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Wider application of the Theatre Tax Relief scheme would allow arts centres to reopen “within weeks”, a coalition of venues says.

The scultpture 'Fried Eggs for Breakfast' at Dundee Contemporary Arts, which is a member of Future Arts Centres
Fried Eggs for Breakfast at Dundee Contemporary Arts – a member of Future Arts Centres

Derek Hoskins (CC BY-ND 2.0)

Extending tax credits to more arts organisations would jumpstart the economy and save cultural life in the UK, venues say.

Future Arts Centres, a network of more than 100 venues, is lobbying MPs to expand the definition of ‘educational purpose’ in the Theatre Tax Relief scheme to include participatory work. The criterion is usually applied to Theatre in Education rather than to broader work with communities and young people.

The network’s Co-Chairs – ARC Chief Executive Annabel Turpin and Gavin Barlow, Chief Executive and Artistic Director of The Albany – say these tax credits will be “vital” to rebuilding town centres as the nation recovers from Covid-19. Changes to the scheme could be made immediately without any new legislation, they argue.


The coalition could not estimate the cost of this to the Government. But Turpin said it could “make all the difference” to arts organisations and the communities they serve.

“With reduced financial risk arts centres will be able to open within weeks, with adaptable spaces that can be used for a huge range of different artistic and cultural activities,” Turpin said.

“We are ideally positioned to hit the ground running and give opportunities for artists and creators to get to work and create social, cultural and economic stimulus for our communities.”

‘Stimulate the sector’

Without a clear plan for supporting culture outside of the West End and major galleries, the sector’s economic momentum “could be lost forever,” the network claims.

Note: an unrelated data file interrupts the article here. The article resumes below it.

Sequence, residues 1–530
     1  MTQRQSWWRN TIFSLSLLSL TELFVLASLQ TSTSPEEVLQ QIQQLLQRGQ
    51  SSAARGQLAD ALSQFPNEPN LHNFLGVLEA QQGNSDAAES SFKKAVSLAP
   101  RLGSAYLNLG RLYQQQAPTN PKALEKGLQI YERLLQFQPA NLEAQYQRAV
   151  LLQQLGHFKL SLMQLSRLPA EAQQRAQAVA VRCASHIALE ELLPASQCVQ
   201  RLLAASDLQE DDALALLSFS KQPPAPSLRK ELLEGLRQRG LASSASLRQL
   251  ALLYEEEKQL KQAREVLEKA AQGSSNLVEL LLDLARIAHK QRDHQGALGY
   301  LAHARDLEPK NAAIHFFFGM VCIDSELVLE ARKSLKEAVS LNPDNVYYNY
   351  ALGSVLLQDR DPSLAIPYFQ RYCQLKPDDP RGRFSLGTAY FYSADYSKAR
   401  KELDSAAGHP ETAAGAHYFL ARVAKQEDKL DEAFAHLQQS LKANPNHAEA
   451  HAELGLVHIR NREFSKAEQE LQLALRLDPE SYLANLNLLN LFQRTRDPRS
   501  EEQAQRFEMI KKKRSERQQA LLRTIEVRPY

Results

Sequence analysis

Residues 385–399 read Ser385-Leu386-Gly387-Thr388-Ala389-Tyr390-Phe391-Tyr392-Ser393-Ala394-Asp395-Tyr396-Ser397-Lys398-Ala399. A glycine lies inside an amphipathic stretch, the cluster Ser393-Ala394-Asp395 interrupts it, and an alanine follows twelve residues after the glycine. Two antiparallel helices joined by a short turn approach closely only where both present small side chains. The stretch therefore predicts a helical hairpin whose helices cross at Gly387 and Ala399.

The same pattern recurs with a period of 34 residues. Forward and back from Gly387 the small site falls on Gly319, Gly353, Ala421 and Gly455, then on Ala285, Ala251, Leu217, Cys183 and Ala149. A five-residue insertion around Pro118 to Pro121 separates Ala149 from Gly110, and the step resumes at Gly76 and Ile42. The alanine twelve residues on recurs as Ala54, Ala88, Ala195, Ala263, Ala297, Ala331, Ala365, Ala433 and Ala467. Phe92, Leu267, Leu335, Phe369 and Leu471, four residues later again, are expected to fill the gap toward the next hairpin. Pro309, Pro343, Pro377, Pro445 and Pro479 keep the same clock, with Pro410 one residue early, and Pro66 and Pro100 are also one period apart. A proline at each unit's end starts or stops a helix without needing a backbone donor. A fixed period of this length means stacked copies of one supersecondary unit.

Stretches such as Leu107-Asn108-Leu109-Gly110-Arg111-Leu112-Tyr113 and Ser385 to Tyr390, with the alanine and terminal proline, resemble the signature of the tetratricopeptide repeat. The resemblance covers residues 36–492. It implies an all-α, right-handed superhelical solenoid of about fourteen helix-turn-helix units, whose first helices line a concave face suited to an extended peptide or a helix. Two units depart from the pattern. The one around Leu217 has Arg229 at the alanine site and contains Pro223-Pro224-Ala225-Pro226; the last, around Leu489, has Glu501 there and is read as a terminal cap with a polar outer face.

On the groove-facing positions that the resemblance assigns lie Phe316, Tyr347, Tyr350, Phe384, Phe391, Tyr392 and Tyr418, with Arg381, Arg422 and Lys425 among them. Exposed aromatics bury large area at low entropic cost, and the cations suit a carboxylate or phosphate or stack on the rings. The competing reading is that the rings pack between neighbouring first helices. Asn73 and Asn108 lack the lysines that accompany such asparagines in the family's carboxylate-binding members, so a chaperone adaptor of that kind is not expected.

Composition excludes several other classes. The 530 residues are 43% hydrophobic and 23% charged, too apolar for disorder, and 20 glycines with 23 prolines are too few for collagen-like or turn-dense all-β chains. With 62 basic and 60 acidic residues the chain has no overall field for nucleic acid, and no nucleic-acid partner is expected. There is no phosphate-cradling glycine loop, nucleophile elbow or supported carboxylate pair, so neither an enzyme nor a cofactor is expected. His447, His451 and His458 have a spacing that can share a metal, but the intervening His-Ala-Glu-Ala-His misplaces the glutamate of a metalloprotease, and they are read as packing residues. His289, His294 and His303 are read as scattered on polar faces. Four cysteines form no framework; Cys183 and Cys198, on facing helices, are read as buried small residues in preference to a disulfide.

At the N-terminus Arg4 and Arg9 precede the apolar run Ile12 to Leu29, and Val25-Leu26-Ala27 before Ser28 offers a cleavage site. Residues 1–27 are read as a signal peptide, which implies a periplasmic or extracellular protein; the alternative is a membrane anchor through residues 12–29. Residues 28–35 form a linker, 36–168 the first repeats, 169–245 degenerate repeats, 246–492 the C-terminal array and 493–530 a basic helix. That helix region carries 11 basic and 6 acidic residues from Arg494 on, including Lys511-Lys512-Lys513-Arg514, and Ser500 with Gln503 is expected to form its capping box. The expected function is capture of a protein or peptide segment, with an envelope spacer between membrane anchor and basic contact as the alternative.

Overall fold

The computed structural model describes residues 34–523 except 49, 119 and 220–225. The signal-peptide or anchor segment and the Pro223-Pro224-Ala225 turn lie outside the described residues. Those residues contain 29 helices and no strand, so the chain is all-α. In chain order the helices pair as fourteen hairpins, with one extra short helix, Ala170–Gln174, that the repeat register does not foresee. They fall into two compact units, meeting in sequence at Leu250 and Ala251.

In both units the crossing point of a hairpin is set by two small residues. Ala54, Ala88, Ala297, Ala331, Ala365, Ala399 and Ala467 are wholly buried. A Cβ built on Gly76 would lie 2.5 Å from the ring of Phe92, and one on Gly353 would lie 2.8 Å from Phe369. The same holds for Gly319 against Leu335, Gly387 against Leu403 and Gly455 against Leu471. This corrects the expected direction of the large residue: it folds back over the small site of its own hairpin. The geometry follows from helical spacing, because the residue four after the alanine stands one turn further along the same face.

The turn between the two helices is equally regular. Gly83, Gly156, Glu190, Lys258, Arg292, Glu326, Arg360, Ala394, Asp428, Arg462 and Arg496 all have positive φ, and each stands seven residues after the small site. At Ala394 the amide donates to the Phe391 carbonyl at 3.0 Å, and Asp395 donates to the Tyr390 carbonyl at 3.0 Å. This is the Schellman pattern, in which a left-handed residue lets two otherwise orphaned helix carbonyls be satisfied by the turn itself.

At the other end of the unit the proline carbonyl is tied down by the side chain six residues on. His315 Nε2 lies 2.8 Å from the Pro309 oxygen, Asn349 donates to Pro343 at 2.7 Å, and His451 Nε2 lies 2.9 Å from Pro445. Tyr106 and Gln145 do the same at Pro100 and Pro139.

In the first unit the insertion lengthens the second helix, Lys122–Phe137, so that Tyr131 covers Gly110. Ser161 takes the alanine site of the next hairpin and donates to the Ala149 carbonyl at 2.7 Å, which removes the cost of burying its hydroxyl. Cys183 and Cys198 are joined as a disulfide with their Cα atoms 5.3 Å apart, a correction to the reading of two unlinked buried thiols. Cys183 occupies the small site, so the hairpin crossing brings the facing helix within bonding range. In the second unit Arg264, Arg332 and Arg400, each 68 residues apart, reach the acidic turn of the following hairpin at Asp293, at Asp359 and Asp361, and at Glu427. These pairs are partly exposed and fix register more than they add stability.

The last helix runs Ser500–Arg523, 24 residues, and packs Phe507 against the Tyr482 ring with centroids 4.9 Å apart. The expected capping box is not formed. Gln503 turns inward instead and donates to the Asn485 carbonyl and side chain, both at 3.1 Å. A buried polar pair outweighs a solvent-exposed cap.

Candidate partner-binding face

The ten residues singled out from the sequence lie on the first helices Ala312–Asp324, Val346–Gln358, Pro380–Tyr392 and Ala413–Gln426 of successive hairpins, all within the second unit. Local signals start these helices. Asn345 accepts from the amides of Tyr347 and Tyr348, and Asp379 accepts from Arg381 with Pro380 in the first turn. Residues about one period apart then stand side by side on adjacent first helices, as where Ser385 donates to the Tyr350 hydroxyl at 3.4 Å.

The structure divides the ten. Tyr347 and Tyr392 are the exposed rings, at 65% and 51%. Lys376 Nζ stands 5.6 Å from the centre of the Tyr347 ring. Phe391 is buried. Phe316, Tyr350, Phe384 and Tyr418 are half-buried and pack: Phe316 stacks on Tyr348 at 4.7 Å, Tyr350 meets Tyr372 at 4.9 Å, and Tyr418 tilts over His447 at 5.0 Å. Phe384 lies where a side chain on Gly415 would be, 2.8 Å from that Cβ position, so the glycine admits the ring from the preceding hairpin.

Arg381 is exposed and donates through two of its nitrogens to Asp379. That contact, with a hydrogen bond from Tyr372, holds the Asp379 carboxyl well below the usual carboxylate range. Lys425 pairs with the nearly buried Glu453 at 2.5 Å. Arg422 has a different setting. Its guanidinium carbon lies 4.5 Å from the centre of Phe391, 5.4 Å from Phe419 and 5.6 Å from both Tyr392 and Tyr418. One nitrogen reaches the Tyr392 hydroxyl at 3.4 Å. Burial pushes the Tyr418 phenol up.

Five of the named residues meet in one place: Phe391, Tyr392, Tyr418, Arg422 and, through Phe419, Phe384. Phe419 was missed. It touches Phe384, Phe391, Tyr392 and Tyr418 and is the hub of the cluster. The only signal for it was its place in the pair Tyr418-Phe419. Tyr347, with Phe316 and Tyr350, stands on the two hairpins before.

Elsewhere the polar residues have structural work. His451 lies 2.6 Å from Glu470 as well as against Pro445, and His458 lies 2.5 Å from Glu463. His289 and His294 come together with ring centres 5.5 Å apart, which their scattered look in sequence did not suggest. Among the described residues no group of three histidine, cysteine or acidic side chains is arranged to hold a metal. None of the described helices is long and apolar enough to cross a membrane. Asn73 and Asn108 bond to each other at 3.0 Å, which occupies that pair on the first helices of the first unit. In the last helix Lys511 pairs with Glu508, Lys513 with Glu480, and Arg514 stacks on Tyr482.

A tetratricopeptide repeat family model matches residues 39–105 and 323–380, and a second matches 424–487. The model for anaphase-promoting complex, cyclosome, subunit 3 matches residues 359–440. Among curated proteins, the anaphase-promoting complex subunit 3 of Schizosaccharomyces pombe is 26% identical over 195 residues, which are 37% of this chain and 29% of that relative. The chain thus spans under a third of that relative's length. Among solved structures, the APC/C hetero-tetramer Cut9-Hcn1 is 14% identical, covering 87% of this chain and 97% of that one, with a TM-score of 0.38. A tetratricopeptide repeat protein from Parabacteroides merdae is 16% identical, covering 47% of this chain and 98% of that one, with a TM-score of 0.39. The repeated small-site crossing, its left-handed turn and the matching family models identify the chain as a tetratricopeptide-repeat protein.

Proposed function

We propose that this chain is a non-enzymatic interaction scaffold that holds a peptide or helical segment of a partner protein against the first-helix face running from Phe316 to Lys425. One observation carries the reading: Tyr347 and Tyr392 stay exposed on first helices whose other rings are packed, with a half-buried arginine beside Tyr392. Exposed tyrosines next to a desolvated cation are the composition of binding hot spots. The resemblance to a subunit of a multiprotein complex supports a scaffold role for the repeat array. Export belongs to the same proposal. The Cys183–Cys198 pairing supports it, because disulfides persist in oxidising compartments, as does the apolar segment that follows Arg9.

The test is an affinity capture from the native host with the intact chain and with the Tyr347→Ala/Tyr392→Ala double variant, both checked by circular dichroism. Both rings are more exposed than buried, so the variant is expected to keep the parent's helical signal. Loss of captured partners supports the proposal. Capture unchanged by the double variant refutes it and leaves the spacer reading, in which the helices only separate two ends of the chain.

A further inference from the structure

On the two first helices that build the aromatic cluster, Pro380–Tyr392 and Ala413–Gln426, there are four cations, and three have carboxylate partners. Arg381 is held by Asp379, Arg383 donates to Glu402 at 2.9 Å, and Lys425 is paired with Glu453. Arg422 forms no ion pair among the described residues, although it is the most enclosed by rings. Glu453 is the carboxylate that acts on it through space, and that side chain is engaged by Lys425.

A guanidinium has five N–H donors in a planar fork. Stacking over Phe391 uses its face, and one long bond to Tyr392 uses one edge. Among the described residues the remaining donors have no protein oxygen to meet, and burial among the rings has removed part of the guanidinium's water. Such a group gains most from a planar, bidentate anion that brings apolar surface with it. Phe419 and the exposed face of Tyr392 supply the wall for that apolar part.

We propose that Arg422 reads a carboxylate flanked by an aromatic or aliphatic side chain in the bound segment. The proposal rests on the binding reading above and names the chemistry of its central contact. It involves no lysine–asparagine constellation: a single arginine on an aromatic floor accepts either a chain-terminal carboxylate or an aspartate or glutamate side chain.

It is also calling for the creation of a decentralised fund for creative industries apprenticeships and a new National Arts Project stimulus package for organisations to employ freelance artists.

Citing culture’s growing contribution to the economy, Barlow said “putting culture at the heart of local recovery makes sense socially and financially”.

“Our arts centres have provided paths to employment for young people up and down the country, and we have programmes that are ready to scale up.

“If our communities are to recover from Covid-19, we will need to look at every available opportunity to expand training and apprenticeships.”

‘Tried and tested’

Entertainment law expert Neil Adleman, Theatre Lawyer at Harbottle & Lewis, offered support for Future Arts Centre’s argument, saying that non-legislative changes to guidance around Theatre Tax Relief would benefit a wider range of artistic programming and activities.

He noted: “Theatre Tax Relief provides a tried and tested structure for delivering financial benefit to organisations across the theatre sector, which has the potential to stimulate activity and preserve both salaried and freelance roles.”